A lonely moor stretches out in all directions, barren grass mottled by craggy boulders and moss-covered outcrops, buffeted by ice-cold winds that sweeps down from a distant cluster of hills. The only features of this bleak landscape, appearing only as shadows beneath a damp wall of fog, are occasional lofty stone formations, either human made or natural. It’s impossible to tell. Is this a land long untouched by human presence, or one that resisted human presence, turning them away by its very harshness? Either way, the wind seems to carry the echo of ghostly voices, their cries inchoate, all meaning lost.
This is the world that Fog Tropes/Gradual Requiem, originally released in 1984, conjures up in the listener’s mind. Ingram Marshall distills a form of minimalism that eschews the austere formalism of the genre’s early landmarks (by the likes of LaMonte Young, Tony Conrad and Pauline Oliveros), instead focusing on using the barest of means to conjure music that is deep in atmosphere and emotional potency. ‘Fog Tropes’ is based on samples of fog horns recorded in San Francisco bay, but wrenched from any locational context by the injection of a ghostly voice lamenting sadly behind the distant sounds of intermittent brass interjections, birdsong and wind. In such a melancholic context San Francisco could not feel further away and we are pitched straight off the bat onto that shadowy landscape of barren moorland and fog-wreathed dolmens. The piece gradually unfolds with dramatic timing, the voice multiplied, the brass becoming more and more insistent, laden with dolorous portent.
‘Gradual Requiem’ is divided into five parts and, as its title suggests, there’s a funereal quality at play that means it fits neatly alongside ‘Fog Tropes’. Balinese percussion gongs are gently caressed or tapped, sending rippling tones back and forth whilst a haze of tape manipulations and electronic effects dampen the sense as if heard from under a mortuary shroud. Each part of ‘Gradual Requiem’ is distinct from the others, forming an emotional tapestry that follows the composer’s reactions to his father’s death. ‘Part 2’, for example, features almost ebullient, comforting piano, whilst ‘Part 3’ is dominated by jauntily plucked lute or guitar arpeggios, which slowly recede into a drifting, mournful duet between guitar and piano, somewhere between the sadder sections of Keith Jarret’s Köln Concert and the more wistful works of Sandy Bull. On ‘Part 4’, an echoing chorus of wordless vocalisations intone a melancholic lament, the voices multi-layered into they form a haunted eulogy. Gradual Requiem is an emotionally potent, even harrowing sonic voyage, and one of the most affecting pieces of modern minimalism I’ve ever heard.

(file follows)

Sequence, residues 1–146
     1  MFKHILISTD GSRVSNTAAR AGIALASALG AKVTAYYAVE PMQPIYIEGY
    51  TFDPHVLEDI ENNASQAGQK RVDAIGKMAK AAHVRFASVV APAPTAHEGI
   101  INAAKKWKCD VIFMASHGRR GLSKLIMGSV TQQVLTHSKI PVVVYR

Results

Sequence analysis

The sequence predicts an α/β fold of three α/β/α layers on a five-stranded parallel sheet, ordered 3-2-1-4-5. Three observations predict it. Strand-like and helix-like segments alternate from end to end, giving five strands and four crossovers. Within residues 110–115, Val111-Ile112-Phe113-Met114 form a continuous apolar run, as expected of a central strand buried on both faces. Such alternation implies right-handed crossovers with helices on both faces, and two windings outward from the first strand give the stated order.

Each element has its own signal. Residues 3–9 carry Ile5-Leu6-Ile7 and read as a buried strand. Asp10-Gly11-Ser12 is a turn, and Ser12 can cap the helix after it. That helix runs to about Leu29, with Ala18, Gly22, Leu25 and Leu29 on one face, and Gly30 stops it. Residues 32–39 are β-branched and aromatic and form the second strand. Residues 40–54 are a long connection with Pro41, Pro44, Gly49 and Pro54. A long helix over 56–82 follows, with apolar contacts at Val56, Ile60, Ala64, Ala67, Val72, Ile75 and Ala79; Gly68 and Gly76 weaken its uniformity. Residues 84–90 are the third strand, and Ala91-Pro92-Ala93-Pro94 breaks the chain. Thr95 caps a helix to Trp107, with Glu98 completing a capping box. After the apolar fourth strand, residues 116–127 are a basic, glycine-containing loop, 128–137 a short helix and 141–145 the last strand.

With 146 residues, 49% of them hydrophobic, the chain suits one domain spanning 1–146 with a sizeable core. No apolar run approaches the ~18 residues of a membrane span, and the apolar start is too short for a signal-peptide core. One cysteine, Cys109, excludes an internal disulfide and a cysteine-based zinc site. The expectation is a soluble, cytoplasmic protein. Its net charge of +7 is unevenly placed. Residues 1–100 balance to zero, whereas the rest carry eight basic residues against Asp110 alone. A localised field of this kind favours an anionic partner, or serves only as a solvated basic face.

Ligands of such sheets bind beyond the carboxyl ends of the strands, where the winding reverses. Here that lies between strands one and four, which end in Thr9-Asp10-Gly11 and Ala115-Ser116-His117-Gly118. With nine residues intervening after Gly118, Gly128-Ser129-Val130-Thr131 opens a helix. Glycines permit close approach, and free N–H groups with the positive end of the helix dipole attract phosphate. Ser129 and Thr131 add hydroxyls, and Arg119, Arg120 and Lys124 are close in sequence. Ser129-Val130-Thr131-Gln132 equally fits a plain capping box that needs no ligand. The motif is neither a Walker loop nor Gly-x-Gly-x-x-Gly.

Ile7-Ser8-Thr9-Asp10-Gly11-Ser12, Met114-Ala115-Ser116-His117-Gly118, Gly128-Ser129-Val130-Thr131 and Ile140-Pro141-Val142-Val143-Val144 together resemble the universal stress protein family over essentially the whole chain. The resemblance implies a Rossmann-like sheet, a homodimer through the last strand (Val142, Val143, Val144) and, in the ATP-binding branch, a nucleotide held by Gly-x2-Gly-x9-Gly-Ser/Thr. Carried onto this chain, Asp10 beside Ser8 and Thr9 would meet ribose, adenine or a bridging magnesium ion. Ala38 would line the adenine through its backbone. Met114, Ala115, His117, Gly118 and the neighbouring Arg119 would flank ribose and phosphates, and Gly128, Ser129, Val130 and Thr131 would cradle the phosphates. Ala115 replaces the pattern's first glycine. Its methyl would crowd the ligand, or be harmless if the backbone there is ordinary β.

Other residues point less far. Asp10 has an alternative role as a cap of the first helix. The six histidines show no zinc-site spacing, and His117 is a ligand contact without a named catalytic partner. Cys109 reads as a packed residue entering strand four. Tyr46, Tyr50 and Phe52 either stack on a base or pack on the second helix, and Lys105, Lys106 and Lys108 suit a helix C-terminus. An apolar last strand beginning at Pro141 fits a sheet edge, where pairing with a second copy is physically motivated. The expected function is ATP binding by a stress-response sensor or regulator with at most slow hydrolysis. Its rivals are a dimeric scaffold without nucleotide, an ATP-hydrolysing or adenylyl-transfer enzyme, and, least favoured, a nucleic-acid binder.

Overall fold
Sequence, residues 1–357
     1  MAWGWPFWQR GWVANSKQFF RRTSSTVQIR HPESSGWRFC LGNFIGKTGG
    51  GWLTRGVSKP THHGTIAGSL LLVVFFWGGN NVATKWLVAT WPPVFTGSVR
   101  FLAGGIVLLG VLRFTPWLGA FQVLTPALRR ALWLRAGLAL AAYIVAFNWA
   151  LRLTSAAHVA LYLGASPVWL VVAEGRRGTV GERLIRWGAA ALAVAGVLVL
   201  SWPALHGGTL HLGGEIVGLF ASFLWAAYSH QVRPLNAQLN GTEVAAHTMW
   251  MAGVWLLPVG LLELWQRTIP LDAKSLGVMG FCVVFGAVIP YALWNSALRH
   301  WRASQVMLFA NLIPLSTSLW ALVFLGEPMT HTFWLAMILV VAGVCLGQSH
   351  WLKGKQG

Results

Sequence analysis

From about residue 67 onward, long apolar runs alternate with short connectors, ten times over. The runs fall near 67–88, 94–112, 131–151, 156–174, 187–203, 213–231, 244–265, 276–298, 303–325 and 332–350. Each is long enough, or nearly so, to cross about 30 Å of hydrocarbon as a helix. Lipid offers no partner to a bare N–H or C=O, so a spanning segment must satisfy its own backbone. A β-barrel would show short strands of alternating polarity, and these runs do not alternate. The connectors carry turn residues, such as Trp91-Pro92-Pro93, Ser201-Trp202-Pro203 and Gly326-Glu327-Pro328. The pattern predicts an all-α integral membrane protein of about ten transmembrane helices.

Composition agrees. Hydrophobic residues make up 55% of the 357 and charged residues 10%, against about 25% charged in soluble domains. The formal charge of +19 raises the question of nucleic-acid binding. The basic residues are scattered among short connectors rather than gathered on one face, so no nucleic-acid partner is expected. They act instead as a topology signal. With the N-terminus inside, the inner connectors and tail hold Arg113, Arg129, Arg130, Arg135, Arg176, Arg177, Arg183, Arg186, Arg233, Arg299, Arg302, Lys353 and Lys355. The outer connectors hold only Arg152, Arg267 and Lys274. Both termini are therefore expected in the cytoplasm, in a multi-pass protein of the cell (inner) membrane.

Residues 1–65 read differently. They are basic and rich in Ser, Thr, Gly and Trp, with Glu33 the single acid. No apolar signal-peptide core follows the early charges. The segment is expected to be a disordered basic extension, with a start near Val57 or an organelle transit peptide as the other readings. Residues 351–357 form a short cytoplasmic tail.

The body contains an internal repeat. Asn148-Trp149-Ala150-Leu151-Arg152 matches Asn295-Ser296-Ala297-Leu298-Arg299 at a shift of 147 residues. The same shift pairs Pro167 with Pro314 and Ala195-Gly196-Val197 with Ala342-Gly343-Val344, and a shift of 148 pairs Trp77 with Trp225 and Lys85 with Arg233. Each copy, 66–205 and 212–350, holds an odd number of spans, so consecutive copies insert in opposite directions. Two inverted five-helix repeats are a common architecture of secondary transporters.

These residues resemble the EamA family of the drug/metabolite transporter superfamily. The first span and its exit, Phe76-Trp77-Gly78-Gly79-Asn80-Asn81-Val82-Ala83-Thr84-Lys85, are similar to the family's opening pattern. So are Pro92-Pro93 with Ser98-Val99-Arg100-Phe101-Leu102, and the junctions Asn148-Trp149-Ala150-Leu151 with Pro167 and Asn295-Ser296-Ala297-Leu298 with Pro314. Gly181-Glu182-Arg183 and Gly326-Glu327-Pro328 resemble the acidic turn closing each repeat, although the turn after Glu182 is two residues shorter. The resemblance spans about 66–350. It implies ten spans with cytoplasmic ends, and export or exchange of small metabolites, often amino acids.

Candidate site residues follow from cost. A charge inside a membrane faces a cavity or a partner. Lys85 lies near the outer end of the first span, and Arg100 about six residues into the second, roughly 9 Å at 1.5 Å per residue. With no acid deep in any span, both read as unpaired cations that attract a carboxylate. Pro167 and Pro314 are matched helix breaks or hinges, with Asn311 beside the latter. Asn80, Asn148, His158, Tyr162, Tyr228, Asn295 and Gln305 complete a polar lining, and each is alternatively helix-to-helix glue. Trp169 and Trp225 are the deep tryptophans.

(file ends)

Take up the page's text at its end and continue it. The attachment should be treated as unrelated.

When so much modern music is described as being “haunting” or “liminal”, it’s easy to become a bit blasé at such terms, but these two compositions resonate with intangible, phantomatic grace and unease, conjuring up emotions and visions that seem to reach beyond time and location into something that swirls beneath the collective consciousness. It will have different meaning for different listeners, but few will come away from Fog Tropes/Gradual Requiem unmoved.